FAO to foil rat attack in Tuvalu
After global warming -- rats
08 May 2006, Rome - Until recently, Tuvalu’s biggest headache was disappearing under the sea.
(Rising seas due to global warming could wipe Tuvalu, one of the world’s smallest and most remote nations, off the map in the next few decades, according to some scientists. The nine tiny islands in the Polynesian coral archipelago are pancake flat, no more than five metres above sea level at their highest point.)
Then another terrifying menace struck...
Rattus rattus, or black rats, are rampaging through Tuvalu’s atolls and gnawing through the country’s chief export crop – coconuts.
Coconuts and copra (dried coconut flesh from which coconut oil is made) are the islanders' main source of revenue. That and royalties from leasing out the country’s internet domain suffix – .tv – to an American webhosting company for a reported 50 million dollars.
The rats are particularly fond of young green nuts and very fit. Rattus rattus can leap a metre in the air from a standstill and think nothing of jumping from tree to tree without the aid of lianas. Damage to the green nuts is put at over 60 percent.
Thanks to the United Nations Food and Agriculture Organization, however, Tuvalu’s population of 9 000 can soon begin to relax – about the rats if not about the rising ocean. FAO has stepped in with a US$ 200 000 ecologically-based pest management project due to downsize the marauding rat packs.
The programme will be implemented by a locally-recruited retired rodent management expert who will show coconut farmers how to dispose of the rats in an environmentally-friendly manner. An absolute priority is to safeguard the native population of young coconut crabs – a fast-vanishing species that is one of the wonders of the animal world.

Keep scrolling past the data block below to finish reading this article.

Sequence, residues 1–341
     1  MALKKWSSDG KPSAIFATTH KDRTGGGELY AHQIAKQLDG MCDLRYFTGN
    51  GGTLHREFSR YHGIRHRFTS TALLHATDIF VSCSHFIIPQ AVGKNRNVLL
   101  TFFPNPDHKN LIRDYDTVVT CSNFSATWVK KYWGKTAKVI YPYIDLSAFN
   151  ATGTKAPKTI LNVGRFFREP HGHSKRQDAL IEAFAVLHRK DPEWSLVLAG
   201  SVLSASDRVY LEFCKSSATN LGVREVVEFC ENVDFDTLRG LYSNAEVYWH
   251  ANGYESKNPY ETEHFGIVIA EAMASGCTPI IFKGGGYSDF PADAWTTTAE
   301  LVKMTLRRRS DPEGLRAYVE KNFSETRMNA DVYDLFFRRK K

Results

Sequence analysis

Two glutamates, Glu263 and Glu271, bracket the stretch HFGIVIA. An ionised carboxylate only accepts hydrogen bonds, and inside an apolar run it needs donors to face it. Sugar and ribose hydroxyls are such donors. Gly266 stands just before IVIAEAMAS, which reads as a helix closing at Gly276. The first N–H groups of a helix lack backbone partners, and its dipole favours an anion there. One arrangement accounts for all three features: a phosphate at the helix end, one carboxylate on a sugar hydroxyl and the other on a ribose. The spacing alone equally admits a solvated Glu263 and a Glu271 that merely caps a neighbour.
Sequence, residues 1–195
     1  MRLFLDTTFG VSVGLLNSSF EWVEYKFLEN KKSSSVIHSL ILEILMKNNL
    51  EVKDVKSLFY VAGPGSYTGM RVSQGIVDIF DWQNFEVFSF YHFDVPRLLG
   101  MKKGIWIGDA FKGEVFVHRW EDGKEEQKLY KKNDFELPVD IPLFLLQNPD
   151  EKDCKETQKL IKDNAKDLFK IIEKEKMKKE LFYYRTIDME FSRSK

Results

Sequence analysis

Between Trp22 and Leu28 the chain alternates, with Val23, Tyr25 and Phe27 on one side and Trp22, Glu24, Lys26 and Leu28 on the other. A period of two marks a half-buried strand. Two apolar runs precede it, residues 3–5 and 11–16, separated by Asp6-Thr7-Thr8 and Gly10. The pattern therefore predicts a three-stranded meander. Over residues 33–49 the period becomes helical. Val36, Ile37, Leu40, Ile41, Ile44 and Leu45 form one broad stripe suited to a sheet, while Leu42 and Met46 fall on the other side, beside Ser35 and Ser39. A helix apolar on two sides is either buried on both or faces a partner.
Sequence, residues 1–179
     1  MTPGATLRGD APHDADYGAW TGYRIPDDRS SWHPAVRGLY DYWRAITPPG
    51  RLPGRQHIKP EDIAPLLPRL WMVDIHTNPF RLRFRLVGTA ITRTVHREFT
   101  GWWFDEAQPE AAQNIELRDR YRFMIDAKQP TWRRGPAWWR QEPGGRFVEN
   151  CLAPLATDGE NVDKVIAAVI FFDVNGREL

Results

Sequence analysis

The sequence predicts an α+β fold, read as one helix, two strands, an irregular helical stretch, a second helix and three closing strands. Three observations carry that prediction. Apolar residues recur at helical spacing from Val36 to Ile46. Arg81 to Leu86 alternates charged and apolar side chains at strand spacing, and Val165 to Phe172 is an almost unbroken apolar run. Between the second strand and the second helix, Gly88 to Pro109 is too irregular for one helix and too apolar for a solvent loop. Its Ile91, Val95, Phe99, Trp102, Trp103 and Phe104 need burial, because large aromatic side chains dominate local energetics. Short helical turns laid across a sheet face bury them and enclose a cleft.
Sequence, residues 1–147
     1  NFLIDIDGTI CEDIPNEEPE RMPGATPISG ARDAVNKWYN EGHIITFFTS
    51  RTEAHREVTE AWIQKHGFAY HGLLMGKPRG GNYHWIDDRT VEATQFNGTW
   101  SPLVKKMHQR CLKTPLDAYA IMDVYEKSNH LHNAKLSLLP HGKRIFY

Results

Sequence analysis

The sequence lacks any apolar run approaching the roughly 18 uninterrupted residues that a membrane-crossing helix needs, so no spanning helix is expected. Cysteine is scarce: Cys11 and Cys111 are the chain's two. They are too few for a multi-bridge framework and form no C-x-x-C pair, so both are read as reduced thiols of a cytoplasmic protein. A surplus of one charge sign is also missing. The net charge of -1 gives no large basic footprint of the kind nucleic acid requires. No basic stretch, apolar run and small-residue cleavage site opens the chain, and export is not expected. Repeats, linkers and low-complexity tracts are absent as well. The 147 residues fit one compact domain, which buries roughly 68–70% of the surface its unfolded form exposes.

Coconut crabs, also known as Robber Crabs – and sometimes nicknamed Godzillas Crabs – are normally the size of small cats but can grow to 80 cm in size. The world’s largest land invertebrates, their huge claws are powerful enough to lift rocks weighting almost 30 kg.
As their name indicates their preferred food is coconuts, although – unlike the rats – they normally wait for the fruit to fall from the tree before tucking in. Sometimes, however, they will carry a coconut up a tree and drop it to the ground from up to four metres – then climb back down for dinner.
The FAO programme will use recycled Australian pineapple cans containing suitably tasty baits treated with rodenticide. The cans will be strategically hung from wires to put them out of the reach of the young crabs – though not of the more agile Rattus rattus.
Metal bands will be fastened around coconut palm trunks to prevent rats – and crabs – climbing up.
Similar projects elsewhere have resulted in production increases of up to 180 percent.
Results from the project will be fed to other rat management programmes in the region, FAO said.
Information Officer, FAO
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